Return to 'Contents'
What effect does grazing management have on upland biodiversity?
Since 2002, The Macaulay Institute, along with a number of other organisations, has been investigating how livestock numbers on the Scottish hills affects the other plants and animals found there.
Comparison of grazing management regimes is being carried out in the Trossachs, at Glen Finglas, 23 miles northwest of Stirling.
We have established 24 fenced plots and each plot is about the size of five football pitches (3.3 hectares). We have stocked each plot in one of four ways - each with different numbers of sheep and cattle:
Nine sheep per plot – this is standard commercial stocking density
Three sheep per plot
A mixture of sheep and cattle (but equivalent to three sheep all year round)
No sheep or cattle
The plots were fenced off in 2002, and measurements of vegetation, invertebrates and birds were taken.
Sheep were then introduced in January 2003.
Each plot is divided up into grids, and records of the plants, invertebrates and birds are regularly taken at the same points. This way, we can accurately measure the biodiversity response over time due to changes in grazing management.
As you might expect, the sward is tallest and densest when there has been no grazing allowed, and short and sparse at the maximum (commercial) stocking density.
When there is an intermediate number of grazing animals, a mosaic of short, preferred vegetation and long, less preferred vegetation patches build up.
This mosaic is at its most obvious when there is a mixed system of sheep and cattle grazing, as they tend to feed on different plants.
Preferred plants include blue fescue grass, star sedge, bog moss and heath bedstraw, whilst less preferred vegetation are species such as club rush, cross-leaved heath, soft rush and marsh bedstraw.
As you will see below, these patches of long, dense plants are great for invertebrates, and ultimately the birds that feed on them.
Overall, we now find twice as many invertebrates in pastures that have less, or no-grazing on them when compared to areas with typical numbers of sheep.
This is because areas of tall plants are generally good for insects to safely lay their eggs in, including beetles and plant bugs which have increased in the plots with reduced or no-grazing.
Numbers of flies and moths haven’t changed in any of the plots, however the number of soil-living leatherjackets (the larvae of cranefly) have actually decreased in areas of tall vegetation.
This is probably because it is difficult for female craneflies to get into the soil to lay their eggs when the sward is very dense.
This further emphasises the importance to wildlife of both short and tall vegetation patches, as occurs in the moderately grazed system.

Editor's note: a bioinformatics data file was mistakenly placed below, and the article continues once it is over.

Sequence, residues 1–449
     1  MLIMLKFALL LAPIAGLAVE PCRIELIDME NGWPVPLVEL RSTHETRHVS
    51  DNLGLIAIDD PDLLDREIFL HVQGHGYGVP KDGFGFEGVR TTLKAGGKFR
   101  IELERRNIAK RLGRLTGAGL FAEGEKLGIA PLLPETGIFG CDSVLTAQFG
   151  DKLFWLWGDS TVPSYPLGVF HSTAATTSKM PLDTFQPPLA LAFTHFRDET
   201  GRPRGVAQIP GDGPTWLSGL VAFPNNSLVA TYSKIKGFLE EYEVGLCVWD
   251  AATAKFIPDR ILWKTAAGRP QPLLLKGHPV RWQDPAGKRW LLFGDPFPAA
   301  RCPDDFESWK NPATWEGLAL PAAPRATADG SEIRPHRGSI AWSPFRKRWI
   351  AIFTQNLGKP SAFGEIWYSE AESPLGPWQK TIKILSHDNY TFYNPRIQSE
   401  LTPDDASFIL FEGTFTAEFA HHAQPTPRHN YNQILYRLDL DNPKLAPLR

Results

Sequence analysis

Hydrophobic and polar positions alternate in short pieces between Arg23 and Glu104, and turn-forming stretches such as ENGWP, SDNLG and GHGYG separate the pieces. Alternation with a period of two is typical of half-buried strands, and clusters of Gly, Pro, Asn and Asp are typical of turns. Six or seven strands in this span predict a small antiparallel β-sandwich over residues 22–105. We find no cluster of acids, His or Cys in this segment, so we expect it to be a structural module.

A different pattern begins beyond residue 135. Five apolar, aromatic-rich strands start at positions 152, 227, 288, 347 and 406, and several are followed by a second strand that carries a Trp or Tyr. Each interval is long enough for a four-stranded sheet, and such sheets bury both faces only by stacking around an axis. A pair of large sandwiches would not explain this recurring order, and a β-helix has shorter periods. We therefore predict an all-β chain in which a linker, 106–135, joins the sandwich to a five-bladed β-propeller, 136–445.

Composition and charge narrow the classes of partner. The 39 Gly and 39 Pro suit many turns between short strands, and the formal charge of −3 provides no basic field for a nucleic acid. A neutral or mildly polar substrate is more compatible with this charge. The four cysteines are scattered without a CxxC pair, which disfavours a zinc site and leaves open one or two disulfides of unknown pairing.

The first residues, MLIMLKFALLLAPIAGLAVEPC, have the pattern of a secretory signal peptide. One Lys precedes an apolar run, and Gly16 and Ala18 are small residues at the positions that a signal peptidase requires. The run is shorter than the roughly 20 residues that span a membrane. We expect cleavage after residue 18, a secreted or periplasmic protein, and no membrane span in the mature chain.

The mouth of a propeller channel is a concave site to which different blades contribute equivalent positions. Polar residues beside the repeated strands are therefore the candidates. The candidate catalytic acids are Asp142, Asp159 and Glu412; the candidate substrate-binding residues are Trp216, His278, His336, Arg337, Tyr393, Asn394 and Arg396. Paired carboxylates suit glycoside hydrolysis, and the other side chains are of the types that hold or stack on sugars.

Spiders are doing particularly well in these patches because tall, dense vegetation is good for building their webs in.
When we sample for invertebrates, we typically find almost double the amount in pasture areas with reduced, or no-grazing than compared to the plots with a commercial stocking density of sheep.
All these extra invertebrates should mean more food for birds like meadow pipits and skylarks.
However, birds can only get to feed on the insects when they are in the short grass.
In the plots with both short and tall vegetation, insects often leave the long grass areas where they hatched from eggs. This is because there is less competition, less disturbance from grazing livestock, and more nutritious herbage for plant-feeding insects.
They are then much easier prey for the birds.
Birds also like the taller vegetation, as this is where they like to build their nests.
The result of this is that in plots with a mixture of short and tall vegetation, there are not only more pipits nesting, but because of the extra food available, they lay eggs that are a third bigger than when there is either no grazing (only tall vegetation) or intensive grazing (only short vegetation)
We know from other studies that chicks from bigger eggs usually quickly grow up to be healthier, more successful adult birds.
This work is funded by the Scottish Executive Environment and Rural Affairs Department. Our partners in this project are:
Scottish Agricultural College Centre for Ecology and Hydrology
RSPB (Royal Society for the Protection of Birds)
BioSS (Biomathematics and Statistics Scotland)
University of Aberdeen
University of Exeter in Cornwall
For more information, email: email@example.com
2007 The Macaulay Land Use Research Institute. All rights reserved.
The information and images contained within these web pages are copyright of the Macaulay Institute unless otherwise stated. All rights are reserved.
Information may be downloaded and stored in electronic or printed format for personal, educational and research purposes providing that the source of reference is clearly acknowledged. The documents or images may not be altered in any way and you may not remove any part of any copyright notice.
No information contained on the site may be used for commercial purposes without the prior written permission of the Macaulay Institute.
If you have any queries or require further information, please contact us at: firstname.lastname@example.org.
Return to 'Contents': Cick here